Voices from the Suburbs

Concluding the panel session, Dave Holtwick of the City of Shawnee, Casey Wilhm of the Olathe Chamber of Commerce, and Mark Dickey of Lee’s Summit Chamber of Commerce talked about the opportunities and challenges local suburbs have been encountering as they seek to develop their own community initiatives related to the gig — which, in most areas of the metro, is not yet available.

Nonetheless, several suburban municipalities have taken the inititive to develop programs to nurture gigabit economic development. A few notables mentioned at the conference: Boost Lee’s Summit, the upcoming Market Center of Ideas in LS and the JoCoGROW networking series in Olathe.

Gigabit City Brainzooming Exercise: 5 Key Gigabit Initiatives

Mike Brown of the Brainzooming Group

Mike Brown of the Brainzooming Group

For the conference’s closing session, The Brainzooming Group designed an interactive thinking session for conference participants to form small groups and explore the opportunities, challenges, and possible initiatives that resonate with each community. Mike Brown (above) and Barrett Sydnor of The Brainzooming Group along with Bob King of Thought Spray Solutions facilitated three groups through several Brainzooming exercises.

For those not familiar, the Brainzooming method brings together diverse stakeholders inside a project or enterprise and challenges them with creative thinking exercises to produce new and often surprising insights. These insights can be used to solve a business problem, create a new product, build a new strategy — or a bevy of other applications.

In the case of the Gigabit City Summit, the goal of the three groups was three-fold:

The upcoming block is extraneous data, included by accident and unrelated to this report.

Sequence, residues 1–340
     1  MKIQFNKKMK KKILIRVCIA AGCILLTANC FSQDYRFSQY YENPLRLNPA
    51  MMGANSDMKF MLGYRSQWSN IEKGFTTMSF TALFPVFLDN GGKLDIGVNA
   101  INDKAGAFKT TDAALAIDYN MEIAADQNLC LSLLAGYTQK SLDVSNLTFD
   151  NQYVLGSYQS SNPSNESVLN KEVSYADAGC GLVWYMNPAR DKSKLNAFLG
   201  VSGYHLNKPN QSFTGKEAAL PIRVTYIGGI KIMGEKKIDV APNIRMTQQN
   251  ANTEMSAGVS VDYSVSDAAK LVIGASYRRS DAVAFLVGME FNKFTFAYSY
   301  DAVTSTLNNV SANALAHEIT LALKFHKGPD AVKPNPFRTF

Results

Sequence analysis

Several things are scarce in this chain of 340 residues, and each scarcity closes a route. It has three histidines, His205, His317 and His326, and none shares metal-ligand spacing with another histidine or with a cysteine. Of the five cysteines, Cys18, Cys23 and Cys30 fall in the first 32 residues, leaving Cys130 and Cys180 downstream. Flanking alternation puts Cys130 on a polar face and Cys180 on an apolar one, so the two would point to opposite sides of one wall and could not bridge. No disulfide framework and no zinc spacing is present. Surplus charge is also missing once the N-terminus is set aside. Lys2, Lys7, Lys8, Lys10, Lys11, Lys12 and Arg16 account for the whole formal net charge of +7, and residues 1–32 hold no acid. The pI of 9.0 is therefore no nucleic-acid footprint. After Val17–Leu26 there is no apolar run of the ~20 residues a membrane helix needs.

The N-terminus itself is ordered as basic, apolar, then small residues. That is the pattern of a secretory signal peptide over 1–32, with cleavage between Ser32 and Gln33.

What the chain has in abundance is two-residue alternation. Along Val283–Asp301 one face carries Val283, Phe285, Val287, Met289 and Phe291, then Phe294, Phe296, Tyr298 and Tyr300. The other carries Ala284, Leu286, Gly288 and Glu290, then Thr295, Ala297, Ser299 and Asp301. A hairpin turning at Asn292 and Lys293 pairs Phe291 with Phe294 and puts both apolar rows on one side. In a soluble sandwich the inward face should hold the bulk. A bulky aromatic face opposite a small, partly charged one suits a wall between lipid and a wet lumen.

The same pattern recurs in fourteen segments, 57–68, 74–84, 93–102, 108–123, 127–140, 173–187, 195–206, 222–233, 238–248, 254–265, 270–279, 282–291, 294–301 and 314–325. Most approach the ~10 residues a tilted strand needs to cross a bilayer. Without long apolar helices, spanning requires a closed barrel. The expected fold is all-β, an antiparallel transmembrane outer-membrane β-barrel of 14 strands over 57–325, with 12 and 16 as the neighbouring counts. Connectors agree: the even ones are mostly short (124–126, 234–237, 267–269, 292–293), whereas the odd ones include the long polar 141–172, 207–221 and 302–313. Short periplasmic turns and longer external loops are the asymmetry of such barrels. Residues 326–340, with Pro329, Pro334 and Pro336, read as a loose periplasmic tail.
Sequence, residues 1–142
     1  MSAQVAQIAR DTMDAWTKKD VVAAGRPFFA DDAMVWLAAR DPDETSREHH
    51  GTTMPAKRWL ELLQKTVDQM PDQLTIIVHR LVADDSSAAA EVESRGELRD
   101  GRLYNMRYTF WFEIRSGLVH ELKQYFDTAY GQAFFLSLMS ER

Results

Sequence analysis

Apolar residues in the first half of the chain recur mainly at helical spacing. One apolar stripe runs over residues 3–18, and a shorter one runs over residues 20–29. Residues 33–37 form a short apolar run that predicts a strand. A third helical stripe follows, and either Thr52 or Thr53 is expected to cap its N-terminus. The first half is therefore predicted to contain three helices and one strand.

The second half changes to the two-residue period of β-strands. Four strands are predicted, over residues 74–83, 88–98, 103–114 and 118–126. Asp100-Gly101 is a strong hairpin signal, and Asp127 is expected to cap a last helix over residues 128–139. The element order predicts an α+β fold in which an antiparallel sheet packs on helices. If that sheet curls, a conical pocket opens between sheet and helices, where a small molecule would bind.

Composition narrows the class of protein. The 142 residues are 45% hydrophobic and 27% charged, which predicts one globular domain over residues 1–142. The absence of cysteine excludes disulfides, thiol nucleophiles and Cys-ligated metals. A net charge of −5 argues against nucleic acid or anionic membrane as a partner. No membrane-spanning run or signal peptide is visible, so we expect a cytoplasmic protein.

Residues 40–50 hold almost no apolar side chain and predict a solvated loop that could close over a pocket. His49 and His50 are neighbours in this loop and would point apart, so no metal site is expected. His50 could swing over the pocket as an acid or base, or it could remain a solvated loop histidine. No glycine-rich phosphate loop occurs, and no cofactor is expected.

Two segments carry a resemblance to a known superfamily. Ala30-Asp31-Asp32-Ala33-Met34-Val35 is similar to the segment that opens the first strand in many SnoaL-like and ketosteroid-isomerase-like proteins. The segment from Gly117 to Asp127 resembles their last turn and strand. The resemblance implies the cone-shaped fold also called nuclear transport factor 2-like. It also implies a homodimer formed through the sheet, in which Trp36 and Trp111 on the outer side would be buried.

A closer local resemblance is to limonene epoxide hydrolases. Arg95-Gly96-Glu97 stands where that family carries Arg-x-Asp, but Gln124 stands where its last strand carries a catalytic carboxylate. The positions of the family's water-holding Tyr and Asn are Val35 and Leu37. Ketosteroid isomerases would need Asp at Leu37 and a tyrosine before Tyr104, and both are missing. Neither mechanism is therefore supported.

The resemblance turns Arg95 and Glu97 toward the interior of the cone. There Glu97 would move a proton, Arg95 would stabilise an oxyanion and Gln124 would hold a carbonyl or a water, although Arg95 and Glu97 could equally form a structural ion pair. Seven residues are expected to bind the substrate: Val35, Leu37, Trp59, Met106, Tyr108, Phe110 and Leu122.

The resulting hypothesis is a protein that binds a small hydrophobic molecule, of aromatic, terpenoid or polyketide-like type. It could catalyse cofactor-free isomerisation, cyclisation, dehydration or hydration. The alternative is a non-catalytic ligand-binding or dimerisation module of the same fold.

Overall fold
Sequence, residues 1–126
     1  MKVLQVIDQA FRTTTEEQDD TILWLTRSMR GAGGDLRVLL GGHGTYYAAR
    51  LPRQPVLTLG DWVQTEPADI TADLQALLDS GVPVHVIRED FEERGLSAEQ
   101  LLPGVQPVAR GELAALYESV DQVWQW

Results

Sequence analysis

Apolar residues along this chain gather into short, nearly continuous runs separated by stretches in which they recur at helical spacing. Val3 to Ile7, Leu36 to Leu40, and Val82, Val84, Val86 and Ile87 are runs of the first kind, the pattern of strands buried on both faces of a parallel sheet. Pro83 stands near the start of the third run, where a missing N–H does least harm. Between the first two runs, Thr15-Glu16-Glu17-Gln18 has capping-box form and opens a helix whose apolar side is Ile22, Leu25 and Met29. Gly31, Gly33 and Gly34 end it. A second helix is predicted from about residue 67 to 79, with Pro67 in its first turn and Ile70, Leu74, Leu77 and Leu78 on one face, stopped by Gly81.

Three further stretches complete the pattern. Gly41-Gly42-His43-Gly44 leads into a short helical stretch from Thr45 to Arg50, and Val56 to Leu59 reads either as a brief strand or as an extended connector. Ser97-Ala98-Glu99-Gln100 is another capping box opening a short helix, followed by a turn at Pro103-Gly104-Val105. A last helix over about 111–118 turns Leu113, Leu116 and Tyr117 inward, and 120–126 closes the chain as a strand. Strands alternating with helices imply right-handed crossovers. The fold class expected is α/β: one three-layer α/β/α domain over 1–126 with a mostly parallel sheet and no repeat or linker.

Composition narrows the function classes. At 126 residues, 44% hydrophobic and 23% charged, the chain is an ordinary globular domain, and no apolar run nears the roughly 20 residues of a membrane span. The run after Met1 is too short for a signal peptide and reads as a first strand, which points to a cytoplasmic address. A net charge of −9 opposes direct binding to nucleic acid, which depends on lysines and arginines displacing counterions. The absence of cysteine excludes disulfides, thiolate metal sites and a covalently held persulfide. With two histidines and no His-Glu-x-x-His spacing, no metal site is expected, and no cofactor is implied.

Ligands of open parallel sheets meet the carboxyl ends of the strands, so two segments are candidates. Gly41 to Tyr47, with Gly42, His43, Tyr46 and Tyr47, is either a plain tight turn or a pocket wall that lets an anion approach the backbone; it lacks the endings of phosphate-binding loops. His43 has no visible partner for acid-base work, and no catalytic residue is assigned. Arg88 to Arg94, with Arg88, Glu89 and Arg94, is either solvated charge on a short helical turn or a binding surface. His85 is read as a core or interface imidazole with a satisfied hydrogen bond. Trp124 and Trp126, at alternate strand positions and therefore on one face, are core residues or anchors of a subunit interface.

1. Identify the opportunities and challenges facing the Kansas City region related to the gigabit infrastructure.
  2. Identify which Playbook initiatives could be most beneficial to their particular community.
  3. Generate ideas that would help those those initiatives do such things as: create a bigger economic impact, be made distinctive to our area, stretch in high-impact ways, and create needed connections.

Opportunities & Challenges

The Brainzooming group led by King identified two dozen opportunities for the KC metro area to harness the gig for community benefit. Among them:

  • Improve accessibility for all citizens
  • Engage the educational community
  • Expand from local to regional
  • Level the economic playing field
  • Enhance public-private partnership opportunities
  • Encourage resource sharing
  • Drive social connections and civic engagement

On the converse side, the challenges group led by Brown pointed out another 16 obstacles to clear, including:

  • Uncertainty around ROI
  • Lack of corporate engagement
  • Unforeseeable impact
  • Lack of proven industry around gigabit applications
  • Google Fiber business rollout hasn’t yet occurred
  • Limited workforce

Coming to 5 Key Initiatives

Participants then voted on which initiatives from the KC Digital Drive Playbook were most important to their community.

The top five, by popular vote:

  1. Attracting and developing technology businesses
  2. Increasing technology in the classroom
  3. Creating gigabit innovation spaces (coworking, incubators, etc)
  4. Building the tech worker community
  5. Positioning KC as a smart and connected city

Interestingly, no single initiative was most popular among all three groups.

One group’s second-most popular choice — creating a Gigabit City Lab of next generation app beta testers — did not make it into the top five.

Eco dev dominated the rankings, which is not surprising given the heavy presence of city officials and EDCs in the crowd. However, education and technological growth had their place, too.

In the end, the first Gigabit City Summit proved a fruitful gathering of local civic leaders and gigabit upstarts reporting on successes and sharing ideas for the future.

Up Next: Gigabit City Summit – North America

The KC Digital Drive is planning a national, two-day conference for civic innovation, and all who came out for round one are invited to attend

The National Gigabit City Summit – North America is scheduled for January 13-15, 2015, also at UMKC’s Bloch School. Go to gigabitcitysummit.com to sign up for updates as they unfold.

Further Reading